Visitors

November 07, 2014

Tagged with:

feature stories, MICD

Design matters to city mayors

If mayors ruled the world, imagine what they could accomplish for their individual communities.

by Sydney Franklin, Goldring Arts Journalism Program

Our nation’s mayors are responsible for much more than most of us realize. They are local political leaders, advocates for education and healthcare, as well as catalysts for urban and economic development in their communities. They are also mediators between their cities and the states they live in. With so much to do, it’s a wonder how these leaders could have time to contemplate the complex issues of urban design.

Seven mayors from different mid-sized American cities convened in Syracuse last month to present case studies of critical issues facing their cities and work with a group of nationally known architects, planners, designers, and real estate development experts to generate ideas and brainstorm solutions. Sponsored by the Mayors’ Institute on City Design, the three-day event fostered conversation about the importance of design in creating sustainable, livable, and vibrant communities. Hosted by the Syracuse University School of Architecture and the City of Syracuse, the conference included meetings between the mayors and the panel of experts, and a public event at the Everson Museum.

“Mayors should be the chief designers of their communities. This initiative by MICD allows mayors the opportunity to focus on the ways in which good design benefits the public,” said Julia Czerniak, associate dean at the School of Architecture and coordinator of the event.

Czerniak was instrumental in bringing the East Regional MICD conference to Syracuse after participating in the Los Angeles conference last year as a resource team member and landscape architect.

MICD is a National Endowment of the Arts leadership initiative started by Charleston, S.C. Mayor Joseph P. Riley, Jr. Syracuse was selected to the host the conference earlier this year and invited mayors from Ohio, Iowa, New York, Illinois, Connecticut, Minnesota, and New Jersey to come together for the discussion.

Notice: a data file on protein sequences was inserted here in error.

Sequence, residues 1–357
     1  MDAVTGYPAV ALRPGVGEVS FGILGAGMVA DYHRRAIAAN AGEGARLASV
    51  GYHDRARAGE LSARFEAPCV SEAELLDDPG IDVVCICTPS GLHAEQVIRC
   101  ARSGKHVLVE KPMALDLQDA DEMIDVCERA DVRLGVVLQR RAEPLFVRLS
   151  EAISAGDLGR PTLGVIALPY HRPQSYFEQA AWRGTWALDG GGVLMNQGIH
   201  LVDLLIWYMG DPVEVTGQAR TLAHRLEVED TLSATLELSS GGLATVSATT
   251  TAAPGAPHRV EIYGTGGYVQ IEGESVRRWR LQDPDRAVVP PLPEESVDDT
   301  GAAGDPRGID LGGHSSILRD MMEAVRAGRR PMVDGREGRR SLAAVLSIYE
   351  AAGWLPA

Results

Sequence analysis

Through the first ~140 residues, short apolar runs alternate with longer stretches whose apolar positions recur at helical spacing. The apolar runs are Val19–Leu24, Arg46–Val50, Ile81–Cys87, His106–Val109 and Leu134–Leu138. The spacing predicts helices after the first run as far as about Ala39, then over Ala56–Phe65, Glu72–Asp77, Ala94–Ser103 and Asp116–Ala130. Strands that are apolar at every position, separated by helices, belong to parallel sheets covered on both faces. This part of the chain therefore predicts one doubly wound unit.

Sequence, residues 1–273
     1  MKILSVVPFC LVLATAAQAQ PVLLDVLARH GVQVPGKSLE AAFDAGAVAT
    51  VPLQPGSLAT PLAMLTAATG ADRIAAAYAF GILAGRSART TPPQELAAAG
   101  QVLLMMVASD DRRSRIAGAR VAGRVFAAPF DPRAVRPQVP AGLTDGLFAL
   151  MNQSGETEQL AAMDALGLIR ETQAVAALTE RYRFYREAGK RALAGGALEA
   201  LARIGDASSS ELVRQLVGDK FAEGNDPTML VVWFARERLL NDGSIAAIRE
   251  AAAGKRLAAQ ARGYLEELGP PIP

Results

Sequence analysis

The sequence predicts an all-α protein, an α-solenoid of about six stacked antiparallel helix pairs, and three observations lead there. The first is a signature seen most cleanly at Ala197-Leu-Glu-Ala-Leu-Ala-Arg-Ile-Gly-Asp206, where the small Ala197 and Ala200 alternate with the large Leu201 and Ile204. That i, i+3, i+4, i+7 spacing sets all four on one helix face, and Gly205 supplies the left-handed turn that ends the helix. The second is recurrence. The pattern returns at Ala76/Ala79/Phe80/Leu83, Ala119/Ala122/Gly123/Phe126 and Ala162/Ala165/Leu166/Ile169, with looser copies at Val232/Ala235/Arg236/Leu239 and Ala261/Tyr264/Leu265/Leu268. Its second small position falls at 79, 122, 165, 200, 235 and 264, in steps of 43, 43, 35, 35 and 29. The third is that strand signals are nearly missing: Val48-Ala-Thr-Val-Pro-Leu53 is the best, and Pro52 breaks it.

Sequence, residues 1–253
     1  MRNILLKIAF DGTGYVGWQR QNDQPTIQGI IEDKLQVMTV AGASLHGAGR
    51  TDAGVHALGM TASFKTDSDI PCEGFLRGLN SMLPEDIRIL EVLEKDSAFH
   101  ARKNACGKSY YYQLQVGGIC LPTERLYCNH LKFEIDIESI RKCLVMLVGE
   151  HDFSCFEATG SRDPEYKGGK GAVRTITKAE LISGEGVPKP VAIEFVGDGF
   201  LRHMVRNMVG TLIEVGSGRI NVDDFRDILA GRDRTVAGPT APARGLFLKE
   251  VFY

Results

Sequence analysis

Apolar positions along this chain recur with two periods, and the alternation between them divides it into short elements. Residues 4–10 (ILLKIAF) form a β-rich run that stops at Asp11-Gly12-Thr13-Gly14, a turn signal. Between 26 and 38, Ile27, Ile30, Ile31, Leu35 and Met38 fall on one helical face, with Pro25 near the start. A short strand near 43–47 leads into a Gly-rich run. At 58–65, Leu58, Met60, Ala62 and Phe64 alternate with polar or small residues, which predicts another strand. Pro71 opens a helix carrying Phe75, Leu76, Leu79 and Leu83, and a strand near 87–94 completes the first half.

“It’s an opportunity to share concerns that are confronting all mid-sized American cities right now,” said Czerniak. “The important question is, how can we learn from each other?’”

Czerniak and her team at the School of Architecture visited each mayor and city before the event in October. She was able to further research the various case studies each mayor sought to bring to the main event. When the mayors arrived in Syracuse, they toured the city, including design successes like the Connective Corridor, the Onondaga Creekwalk and the renovated and new homes in the Near Westside neighborhood.

Recurring themes at the public forum at the Everson Museum on the conference’s second day included challenges with building sustainable housing and reusing vacant properties, preventing community isolation developed as a result of mid-20th century sprawl, and creating walkable connections in cities.

“The public, private and not-for-profit sectors must come together for success in these communities,” said Felipe Correa, a member of the panel from the Harvard Graduate School of Design. “We need leadership to believe in the power of design.”

The Mayors’ Institute provides mayors with the critical opportunity to take a step back, evaluate how their individual communities are performing, and create focused plans for the future.

Participating mayors included Mayor Richard C. David, Binghamton, NY; Mayor Scott Eisenhauer, Danville, IL; Mayor Roy D. Buol, Dubuque, IA; Mayor Lester E. Taylor III of East Orange, NJ; Mayor Holly Brinda, Elyria, OH; Mayor Alex Morse, Holyoke, MA; Mayor Toni Harp, New Haven, CT; Mayor Dave Kleis of St. Cloud, MN.

The panel of experts included Ken Bernstein, Manager, Office of Historic Resources, City of Los Angeles;  Felipe Correa, Associate Professor of Urban Design, Harvard Graduate School of Design, Cambridge;  Abby Hamlin, CEO, Hamlin Ventures, NYC; Faith Rose, NYC Department of Design & Construction; Brent Ryan, Associate Professor, MIT, Urban Design & Public Policy; Hilary Sample, Principal, MOS Architects, NYC; Shin-pei Tsay, Director of Research and Development, Transit Center, NYC; Gena Wirth, Principal, SCAPE / Landscape Architecture, NY.

The Everson discussion was moderated by Syracuse Architecture faculty members Julia Czerniak, Theodore Brown, Bess Krietemeyer, and Kyle Miller.